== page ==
nsupdate and round robin
kcd at daimlerchrysler.com
Thu Jan 4 03:58:44 UTC 2007
Victor Hugo dos Santos wrote:
> 2007/1/2, Kevin Darcy <kcd at daimlerchrysler.com>
> look this records of one zone:
> www 60 IN A 220.127.116.11
> www 60 IN A 100.100.100.100
> www 60 IN A 18.104.22.168
> www 60 IN A 22.214.171.124
> www 60 IN A 126.96.36.199
> this five records is update for distintis clients/machines.. and the
> "idea" is that each machine update your own record and not others.
> now, supposing that your is one my clients/machines, how your know as
> of the registries (in the example of above) it he is yours ???
> remember that the IP address of clients/machines is dynamic and is
> changed constantly.
> they understand my problem now or no ???
OK, I see what you're saying now. The client's address changes and it
wants to delete the previous address and add the new address. There's no
convenient way to do that currently within the widely-deployed DNS
protocol, that's what http://www.rfc-editor.org/rfc/rfc4701.txt is all
about, but apparently BIND does not yet support that RR type. I don't
know that any DHCP clients natively support DHCID either, but then I
haven't researched the subject in any depth.
In the meantime, the only option that comes to mind would be to keep
track of those old assignments on your own. You could use a separate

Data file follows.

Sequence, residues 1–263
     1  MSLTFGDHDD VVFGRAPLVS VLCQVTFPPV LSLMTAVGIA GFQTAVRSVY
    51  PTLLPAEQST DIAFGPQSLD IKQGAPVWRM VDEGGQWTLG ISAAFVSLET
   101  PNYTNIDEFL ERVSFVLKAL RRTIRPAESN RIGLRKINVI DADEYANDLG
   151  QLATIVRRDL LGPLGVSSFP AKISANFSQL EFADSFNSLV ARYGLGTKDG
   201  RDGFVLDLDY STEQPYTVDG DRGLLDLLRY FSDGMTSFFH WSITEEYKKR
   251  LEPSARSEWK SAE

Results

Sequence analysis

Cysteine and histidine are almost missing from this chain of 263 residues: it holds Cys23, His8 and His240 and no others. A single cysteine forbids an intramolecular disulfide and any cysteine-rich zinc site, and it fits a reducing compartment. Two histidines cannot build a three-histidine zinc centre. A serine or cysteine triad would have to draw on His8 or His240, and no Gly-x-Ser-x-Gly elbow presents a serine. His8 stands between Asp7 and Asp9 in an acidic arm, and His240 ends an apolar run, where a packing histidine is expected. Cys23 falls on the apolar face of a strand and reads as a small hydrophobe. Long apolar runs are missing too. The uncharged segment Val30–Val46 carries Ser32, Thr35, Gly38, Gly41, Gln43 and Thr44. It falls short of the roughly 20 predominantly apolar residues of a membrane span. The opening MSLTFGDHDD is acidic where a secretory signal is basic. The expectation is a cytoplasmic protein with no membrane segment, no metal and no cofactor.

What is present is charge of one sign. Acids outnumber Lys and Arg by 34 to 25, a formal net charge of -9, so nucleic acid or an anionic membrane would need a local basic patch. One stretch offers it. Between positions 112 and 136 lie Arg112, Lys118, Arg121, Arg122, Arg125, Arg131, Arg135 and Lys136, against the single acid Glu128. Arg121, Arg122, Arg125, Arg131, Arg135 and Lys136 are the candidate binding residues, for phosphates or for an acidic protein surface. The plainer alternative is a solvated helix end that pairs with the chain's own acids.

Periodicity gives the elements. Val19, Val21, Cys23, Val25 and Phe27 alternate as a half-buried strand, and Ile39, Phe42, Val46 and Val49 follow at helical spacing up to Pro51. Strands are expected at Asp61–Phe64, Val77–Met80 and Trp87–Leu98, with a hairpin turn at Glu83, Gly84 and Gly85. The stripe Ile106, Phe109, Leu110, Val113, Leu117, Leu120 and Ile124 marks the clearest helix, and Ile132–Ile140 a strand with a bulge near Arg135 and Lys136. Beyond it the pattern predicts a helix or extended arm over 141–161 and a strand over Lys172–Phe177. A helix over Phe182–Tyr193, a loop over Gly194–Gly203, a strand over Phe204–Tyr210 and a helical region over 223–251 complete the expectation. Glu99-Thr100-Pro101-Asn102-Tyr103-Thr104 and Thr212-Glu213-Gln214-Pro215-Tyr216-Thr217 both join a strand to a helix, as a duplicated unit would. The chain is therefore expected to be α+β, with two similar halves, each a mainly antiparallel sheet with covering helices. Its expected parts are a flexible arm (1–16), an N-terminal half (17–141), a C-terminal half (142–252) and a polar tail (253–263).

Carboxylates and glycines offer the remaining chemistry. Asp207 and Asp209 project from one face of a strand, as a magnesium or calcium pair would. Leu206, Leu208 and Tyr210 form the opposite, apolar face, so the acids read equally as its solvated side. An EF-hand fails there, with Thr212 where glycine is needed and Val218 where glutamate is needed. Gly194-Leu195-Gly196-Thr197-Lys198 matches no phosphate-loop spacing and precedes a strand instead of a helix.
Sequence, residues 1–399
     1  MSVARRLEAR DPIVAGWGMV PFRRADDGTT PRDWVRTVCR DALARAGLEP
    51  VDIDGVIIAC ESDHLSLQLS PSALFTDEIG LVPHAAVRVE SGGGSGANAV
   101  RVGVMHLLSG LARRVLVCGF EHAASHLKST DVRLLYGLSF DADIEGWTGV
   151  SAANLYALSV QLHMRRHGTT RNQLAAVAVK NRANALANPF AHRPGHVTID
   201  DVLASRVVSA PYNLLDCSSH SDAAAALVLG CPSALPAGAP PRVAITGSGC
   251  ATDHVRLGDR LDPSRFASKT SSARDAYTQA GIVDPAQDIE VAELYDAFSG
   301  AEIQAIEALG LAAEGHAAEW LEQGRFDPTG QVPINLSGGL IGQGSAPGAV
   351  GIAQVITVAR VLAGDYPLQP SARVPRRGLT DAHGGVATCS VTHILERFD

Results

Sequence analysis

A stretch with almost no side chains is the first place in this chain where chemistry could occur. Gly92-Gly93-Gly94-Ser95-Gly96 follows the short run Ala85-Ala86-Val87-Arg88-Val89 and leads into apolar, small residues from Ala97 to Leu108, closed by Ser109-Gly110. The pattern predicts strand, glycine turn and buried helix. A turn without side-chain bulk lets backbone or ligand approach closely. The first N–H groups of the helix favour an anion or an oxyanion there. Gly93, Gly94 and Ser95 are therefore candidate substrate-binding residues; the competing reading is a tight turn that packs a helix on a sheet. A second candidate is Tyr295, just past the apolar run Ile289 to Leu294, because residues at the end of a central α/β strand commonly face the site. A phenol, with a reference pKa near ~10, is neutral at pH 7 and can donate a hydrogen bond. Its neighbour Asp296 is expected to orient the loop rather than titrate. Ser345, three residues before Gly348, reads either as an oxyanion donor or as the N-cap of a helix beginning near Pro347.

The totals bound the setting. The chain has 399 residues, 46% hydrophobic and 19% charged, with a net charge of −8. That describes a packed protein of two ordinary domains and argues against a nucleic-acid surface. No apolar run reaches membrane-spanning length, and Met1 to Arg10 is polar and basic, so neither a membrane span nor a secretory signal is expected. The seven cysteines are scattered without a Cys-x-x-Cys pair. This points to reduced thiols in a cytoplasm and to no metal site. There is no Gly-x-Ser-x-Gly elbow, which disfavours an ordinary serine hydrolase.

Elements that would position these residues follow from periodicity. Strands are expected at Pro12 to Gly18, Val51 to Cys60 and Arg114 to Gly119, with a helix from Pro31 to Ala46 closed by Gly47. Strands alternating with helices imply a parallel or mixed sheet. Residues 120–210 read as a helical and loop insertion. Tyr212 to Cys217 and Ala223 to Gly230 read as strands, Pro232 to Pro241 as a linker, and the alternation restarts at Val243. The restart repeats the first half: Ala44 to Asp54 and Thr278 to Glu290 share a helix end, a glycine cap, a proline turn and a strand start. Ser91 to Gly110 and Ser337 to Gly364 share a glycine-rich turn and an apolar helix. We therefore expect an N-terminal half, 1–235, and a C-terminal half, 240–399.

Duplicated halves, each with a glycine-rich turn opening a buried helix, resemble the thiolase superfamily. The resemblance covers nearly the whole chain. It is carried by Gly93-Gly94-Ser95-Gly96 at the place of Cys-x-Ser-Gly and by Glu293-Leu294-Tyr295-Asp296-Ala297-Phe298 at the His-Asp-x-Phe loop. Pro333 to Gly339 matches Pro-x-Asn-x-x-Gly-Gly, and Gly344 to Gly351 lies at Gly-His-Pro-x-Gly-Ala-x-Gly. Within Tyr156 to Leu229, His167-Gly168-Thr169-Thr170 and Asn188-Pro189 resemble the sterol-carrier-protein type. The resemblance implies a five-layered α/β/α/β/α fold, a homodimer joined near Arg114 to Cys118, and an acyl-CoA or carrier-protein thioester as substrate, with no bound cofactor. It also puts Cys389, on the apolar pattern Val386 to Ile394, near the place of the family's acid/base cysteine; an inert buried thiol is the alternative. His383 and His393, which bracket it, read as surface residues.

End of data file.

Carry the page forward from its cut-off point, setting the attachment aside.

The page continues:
database for the purpose, or you could encode the data directly in DNS
as, say, TXT records enumerating MAC-address/IP-address pairings, which
would be Dynamically Updated in parallel with the regular A/PTR updates
associated with dynamic address assignment. If you encode the data
directly in DNS, then, in order to avoid exposing potentially-sensitive
network information to untrusted parties, you'd probably want to put
that data in a separate subzone with controlled access, however, e.g.
dynamic.www.example.com. If you use MAC address or something similarly
mutable to uniquely identify your clients, then you'd probably also want
to supplement the mechanism with some sort of periodic "scavenging"
process which deletes obsolete records, which implies adding some sort
of timestamping format to the records as well.
If on the other hand you decide to use a database outside of DNS itself,
then ideally it should at least be a _shared_ database (with appropriate
locking mechanisms, e.g. a modern RDBMS system) so that clients don't
step on each other by deleting an "old" A RR of their own which happens
to have been re-assigned to another client which is legitimately using
it. Thus, it probably wouldn't be a good idea to try something as crude
as simply saving the last-assigned dynamic address in a local text file
on the client.
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